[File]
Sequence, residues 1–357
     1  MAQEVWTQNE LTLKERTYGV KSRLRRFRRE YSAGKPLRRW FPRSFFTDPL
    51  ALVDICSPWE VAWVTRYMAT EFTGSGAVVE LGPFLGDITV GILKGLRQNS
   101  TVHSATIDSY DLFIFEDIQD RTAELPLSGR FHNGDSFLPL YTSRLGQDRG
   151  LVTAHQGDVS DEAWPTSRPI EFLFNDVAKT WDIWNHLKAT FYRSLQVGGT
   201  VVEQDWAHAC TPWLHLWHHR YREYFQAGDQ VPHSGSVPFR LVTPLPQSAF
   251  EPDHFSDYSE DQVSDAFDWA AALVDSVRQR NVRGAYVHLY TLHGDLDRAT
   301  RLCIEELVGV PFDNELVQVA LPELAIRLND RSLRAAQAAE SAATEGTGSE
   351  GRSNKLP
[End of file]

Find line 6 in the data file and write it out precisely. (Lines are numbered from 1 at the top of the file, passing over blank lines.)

   201  VVEQDWAHAC TPWLHLWHHR YREYFQAGDQ VPHSGSVPFR LVTPLPQSAF